MRS. CAMERON.—Julia Margaret Cameron, as she loved to subscribe herself in fine bold characters, was in many respects a remarkable woman. A few may still remember her as one of the three Miss Patties, whose varied gifts won for them in Calcutta society the names of- "Wit, Beauty, and Fashion." There she met and married Mr. Charles Hay Cameron, then legal member of Council, who still survives as the last of Bentham's personal disciples. But to most she will be better known as the hospitable occupant of a sea-side house at Freshwater, in the Isle of Wight, whither visitors were attracted by her own talents no less than by the reputation of her venerable husband. During this period of her life she first won publicity, about fifteen years ago, by her bold innovations in the art of photography. It was not only by the intrinsic merit of her pictures, but also by the interest associated with their subjects, that she succeeded in at once taking both the cultivated and the popular tastes. The heads of her neighbours, the Poet Laureate and Sir Henry Taylor, were among the first of her successes. After these came portraits of Browning, Carlyle, Darwin, Sir W. Herschel, and many other distinguished men whose intellectual features lent themselves readily to her peculiar process of photography. Having established her reputation in portraiture, she followed it up with imaginative representation either of individual personages in history and literature, or of easily recognised scenes. Colnaghi's gallery was the regular place of exhibition for her pictures season after season, though they also became familiar in many a shop window of the London streets. In our opinion, among the most effective of all was a fancifully-draped head of a young lady, a relation of her own, to which she gave the appropriate, title of Beatrice Cenci. It must be admitted that her illustrations to, the cabinet edition of Tennyson, published by Henry S. King. & Co., in 1875, do not rank among her happiest works. She did not claim for herself any original discovery in photographic processed. We believe that her only secret was to place her sitter far out of-focus; and to subject the plate to an unusually long exposure. With characteristic energy she worked at all the disagreeable details of chemical manipulation with her own hands, and gradually perfected herself with infinite assiduity. In looking at a series of her pictures it is instructive to observe how her improvement in artistic design kept pace with advance in technical skill. Her first efforts were on a small scale, scarcely larger than the cabinet size now in vogue; and they aimed at little more than faithful portraiture after the style common to all amateurs. Many of them also have sadly altered in colour at the present day. Her latest photographs, such as that of Beatrice Cenci, were almost as large as life. Expression of feature and arrangement of drapery were studied with as much care as by a professional painter in oils. The process of printing was performed with such thorough knowledge and watchfulness that, though these, too, were taken many years ago, no spots and no indications of fading are visible. When Mrs. Cameron, in company with her husband, resolved to follow her dearly-loved sons to Ceylon, her occupation of photographer was abandoned. But soon she sent for her cameras and chemicals, and again set to work with enthusiasm under a less clouded sky. Her death, we believe, happened suddenly, after but a brief illness. She is regretted by an exceptionally large circle of friends, to whom she was endeared by a rare warmth of heart, expansiveness of sympathy, and old-fashioned directness of expression. Few of them but possess some memorial of her in the products of her art, which she was wont to distribute with lavish generosity.—The Academy.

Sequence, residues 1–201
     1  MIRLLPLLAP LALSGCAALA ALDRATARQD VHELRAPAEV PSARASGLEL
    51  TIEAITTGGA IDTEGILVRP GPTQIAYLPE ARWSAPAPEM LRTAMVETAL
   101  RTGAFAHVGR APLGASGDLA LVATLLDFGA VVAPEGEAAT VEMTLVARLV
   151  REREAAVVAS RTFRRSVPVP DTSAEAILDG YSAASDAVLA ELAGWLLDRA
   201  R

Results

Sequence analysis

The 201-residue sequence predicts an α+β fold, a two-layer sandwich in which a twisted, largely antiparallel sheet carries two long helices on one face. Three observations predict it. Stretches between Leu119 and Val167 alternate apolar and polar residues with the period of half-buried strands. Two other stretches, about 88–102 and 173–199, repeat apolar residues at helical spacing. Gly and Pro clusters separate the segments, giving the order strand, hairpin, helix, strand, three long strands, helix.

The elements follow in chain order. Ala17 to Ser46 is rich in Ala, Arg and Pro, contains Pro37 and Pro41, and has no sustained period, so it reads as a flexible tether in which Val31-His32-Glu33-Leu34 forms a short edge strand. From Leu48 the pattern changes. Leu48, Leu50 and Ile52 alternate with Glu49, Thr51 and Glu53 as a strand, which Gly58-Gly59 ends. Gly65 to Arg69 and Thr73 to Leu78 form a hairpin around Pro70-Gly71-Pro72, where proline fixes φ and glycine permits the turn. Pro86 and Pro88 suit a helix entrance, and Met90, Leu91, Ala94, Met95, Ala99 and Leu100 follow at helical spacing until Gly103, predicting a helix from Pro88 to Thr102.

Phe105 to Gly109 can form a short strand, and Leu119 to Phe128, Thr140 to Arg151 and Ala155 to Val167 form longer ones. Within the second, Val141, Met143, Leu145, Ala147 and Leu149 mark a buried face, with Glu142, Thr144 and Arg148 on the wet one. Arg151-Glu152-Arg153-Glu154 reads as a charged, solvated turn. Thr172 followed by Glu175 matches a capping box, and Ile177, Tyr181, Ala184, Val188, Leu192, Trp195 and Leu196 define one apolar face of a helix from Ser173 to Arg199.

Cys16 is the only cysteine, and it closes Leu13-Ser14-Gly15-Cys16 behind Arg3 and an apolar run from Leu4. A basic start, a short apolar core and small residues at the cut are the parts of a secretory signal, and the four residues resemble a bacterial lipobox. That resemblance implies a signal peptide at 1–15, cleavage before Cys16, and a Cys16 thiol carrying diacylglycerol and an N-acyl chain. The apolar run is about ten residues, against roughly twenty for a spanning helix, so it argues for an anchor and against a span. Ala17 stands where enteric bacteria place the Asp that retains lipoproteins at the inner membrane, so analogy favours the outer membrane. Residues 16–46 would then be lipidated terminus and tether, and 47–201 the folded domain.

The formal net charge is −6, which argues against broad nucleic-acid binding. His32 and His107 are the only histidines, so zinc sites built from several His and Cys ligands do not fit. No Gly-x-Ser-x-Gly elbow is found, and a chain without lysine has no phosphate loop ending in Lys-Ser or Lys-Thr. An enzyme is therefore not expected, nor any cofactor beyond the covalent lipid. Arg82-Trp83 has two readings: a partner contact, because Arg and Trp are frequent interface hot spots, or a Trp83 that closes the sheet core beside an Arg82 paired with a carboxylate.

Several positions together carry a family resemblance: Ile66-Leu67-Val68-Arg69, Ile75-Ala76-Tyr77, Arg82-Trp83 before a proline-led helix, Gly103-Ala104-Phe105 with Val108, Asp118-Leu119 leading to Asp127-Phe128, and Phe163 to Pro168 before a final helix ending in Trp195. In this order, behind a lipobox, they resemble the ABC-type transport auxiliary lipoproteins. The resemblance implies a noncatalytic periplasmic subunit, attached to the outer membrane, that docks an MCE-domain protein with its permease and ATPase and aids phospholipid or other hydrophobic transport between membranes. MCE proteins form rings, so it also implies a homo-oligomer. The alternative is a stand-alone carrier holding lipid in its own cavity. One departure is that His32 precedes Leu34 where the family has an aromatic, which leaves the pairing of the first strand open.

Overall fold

'…a terrifying elderly woman, short and squat, with none of the Pattle grace and beauty about her, though more than her share of their passionate energy and wilfulness. Dressed in dark clothes, stained with chemicals from her photography (and smelling of them too), with a plump, eager face and piercing eyes and a voice husky, and a little harsh, yet in some way compelling, and even charming…'